You can hire a marketing company to handle tasks as needed or create a monthly list of tasks that you’d like outsourced.

In addition, you’ll save money on subscription fees to services like MailChimp or Hootsuite because the marketing company handles all of those ancillary costs.

  • Get results

When you hire a digital marketing company, you’ll attract and retain more customers. With a dedicated team of professionals working to create and share content to customers, you can expect to see a return on investment that makes marketing a solid investment.

Tips to hire a digital marketing company

When you’re ready to find a digital marketing company, there are certain things you’ll want to look for. Here’s a list of tips to help:

  • Go with a small company

There are many companies to choose from, but working with a smaller marketing company has a lot of benefits. Small digital marketing companies offer unparalleled customer service. You’re not a number at a small firm, you’re a client with a promising product or service.

In addition, you’ll often find that rates are more affordable at small marketing companies.

  • Find a company you can grow with

Look for a digital marketing company that offers a variety of services and packages. You might start by asking the marketing company to manage your social channels, but in a few years you may want to add more services like blog management, graphic design or video production.

  • Ask for references

If you were hiring an employee for your store or salesperson for your software company, you’d call some of their references before offering him or her the job, right? The same rule applies when you hire a digital marketing company.

Ask the company to provide the names of two clients so you can reach out and learn more.

  • Discuss workflow

You need to know how the digital marketing company works. Will they pitch ideas and create content calendars? How will they deliver content? What’s the review process? Who is responsible for uploading content? How often is the marketing company checking in with the owner?

As you select services for a digital marketing company to handle, make sure you ask questions about the workflow.

  • Talk about metrics and reports

You’ll want to track your return on investment, so talk with the digital marketing company about how it tracks the success of campaigns. Most companies provide a monthly report that shows important metrics like click-throughs and conversions.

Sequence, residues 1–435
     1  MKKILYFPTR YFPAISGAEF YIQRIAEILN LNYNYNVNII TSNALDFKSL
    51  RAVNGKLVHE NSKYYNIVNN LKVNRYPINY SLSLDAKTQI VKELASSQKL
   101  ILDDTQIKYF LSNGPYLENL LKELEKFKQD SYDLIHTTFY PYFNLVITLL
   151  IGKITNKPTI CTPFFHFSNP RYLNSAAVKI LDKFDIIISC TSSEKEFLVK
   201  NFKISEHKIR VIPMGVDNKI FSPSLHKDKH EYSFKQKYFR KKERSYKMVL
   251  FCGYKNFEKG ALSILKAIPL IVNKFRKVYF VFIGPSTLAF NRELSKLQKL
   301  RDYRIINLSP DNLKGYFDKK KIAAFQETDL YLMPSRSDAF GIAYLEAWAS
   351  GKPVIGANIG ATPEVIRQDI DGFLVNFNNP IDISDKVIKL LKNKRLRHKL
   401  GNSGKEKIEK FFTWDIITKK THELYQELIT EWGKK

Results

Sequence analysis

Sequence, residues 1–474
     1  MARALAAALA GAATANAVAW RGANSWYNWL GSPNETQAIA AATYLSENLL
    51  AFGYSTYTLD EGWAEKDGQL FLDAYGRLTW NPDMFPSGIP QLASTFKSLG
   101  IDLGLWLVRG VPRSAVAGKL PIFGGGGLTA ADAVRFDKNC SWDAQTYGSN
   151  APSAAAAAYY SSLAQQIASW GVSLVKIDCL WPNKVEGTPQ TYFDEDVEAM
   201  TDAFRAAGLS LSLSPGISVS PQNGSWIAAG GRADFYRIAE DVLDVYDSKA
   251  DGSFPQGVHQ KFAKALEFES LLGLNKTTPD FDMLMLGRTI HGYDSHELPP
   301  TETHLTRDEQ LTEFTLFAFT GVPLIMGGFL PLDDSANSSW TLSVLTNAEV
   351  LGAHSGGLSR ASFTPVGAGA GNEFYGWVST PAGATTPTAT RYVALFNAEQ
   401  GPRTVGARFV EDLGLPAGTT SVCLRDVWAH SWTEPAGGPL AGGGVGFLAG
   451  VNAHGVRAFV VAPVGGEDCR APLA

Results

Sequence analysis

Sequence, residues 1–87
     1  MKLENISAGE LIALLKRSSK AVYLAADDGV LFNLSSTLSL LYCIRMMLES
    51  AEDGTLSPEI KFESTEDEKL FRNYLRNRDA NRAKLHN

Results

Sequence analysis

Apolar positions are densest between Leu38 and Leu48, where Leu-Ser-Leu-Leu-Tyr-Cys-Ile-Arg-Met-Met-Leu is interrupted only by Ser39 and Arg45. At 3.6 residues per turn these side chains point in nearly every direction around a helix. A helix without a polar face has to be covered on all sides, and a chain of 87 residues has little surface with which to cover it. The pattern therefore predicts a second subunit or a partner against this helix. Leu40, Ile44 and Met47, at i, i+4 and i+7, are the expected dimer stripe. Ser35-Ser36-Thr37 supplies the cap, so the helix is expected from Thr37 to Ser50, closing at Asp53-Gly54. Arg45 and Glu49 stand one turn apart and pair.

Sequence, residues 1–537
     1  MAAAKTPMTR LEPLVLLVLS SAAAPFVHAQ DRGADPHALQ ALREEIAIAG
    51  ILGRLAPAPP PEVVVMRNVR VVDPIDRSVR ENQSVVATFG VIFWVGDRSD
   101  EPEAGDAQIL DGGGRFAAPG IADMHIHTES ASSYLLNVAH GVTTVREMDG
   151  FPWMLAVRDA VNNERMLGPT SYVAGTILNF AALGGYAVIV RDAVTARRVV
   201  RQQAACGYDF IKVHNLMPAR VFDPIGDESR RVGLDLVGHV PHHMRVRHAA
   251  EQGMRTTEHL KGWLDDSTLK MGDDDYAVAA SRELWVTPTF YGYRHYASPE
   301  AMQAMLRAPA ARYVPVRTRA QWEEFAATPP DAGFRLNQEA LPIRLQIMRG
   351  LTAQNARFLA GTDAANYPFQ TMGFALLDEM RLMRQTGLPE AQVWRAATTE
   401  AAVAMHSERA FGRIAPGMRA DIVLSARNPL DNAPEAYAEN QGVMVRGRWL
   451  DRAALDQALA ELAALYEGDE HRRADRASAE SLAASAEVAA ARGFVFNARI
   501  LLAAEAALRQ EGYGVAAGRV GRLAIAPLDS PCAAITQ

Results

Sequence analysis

Wrap up

To hire the right digital marketing company requires research, but once you find a company that fits you’ll start to see results. You’ll have more time to invest in your business all while your product or service is marketed to new and existing customers on your behalf.

As you research digital marketing companies, please visit the McEwen’s Media website. As a small digital marketing company with 10+ of years of experience, we’d like to help your company grow its bottom line. Check out our services to learn more.

4 Signs That It’s Time to Outsource Your Marketing


On average, small business owners spend about 20 hours a week marketing their small business. Owners understand the importance of marketing, but they end up neglecting other aspects as they tend to a growing number of marketing channels.

Devoting time to marketing is essential. No question. But, trying to do it all yourself is a daunting and almost impossible task.

If you’re juggling social media posts, online ads, blog creation and video production on your own, it might be time to hire some help.

Here are signs that it’s time to outsource your marketing:

Outsourcing doesn’t have to break the bank. If you find the right marketing company, you can outsource the tasks you want. Talk with McEwen’s Media to learn more about their affordable marketing packages.

Facebook Fails: 6 Things That Drive Your Fans Nuts


Facebook has its perks. You love checking in on old friends and seeing pictures of your buddies. And who hasn’t stalked an ex-boyfriend’s page to check out his new girl? While there are many benefits to this social media platform, odds are, you’ve got some fans that drive you nuts.

There are some unwritten Facebook rules that certain fans break. To make sure you’re not one of those fans, we’ve created a list of Facebook posts that you should be wary of. These kinds of posts will drive your fans nuts – guaranteed.

Food pictures

Unless you’re Emeril, stop posting food pictures. This might sound harsh, but no one cares what you’re eating for dinner. You don’t want to lose Facebook followers because you’re oversharing during mealtime.

Shameless work plugs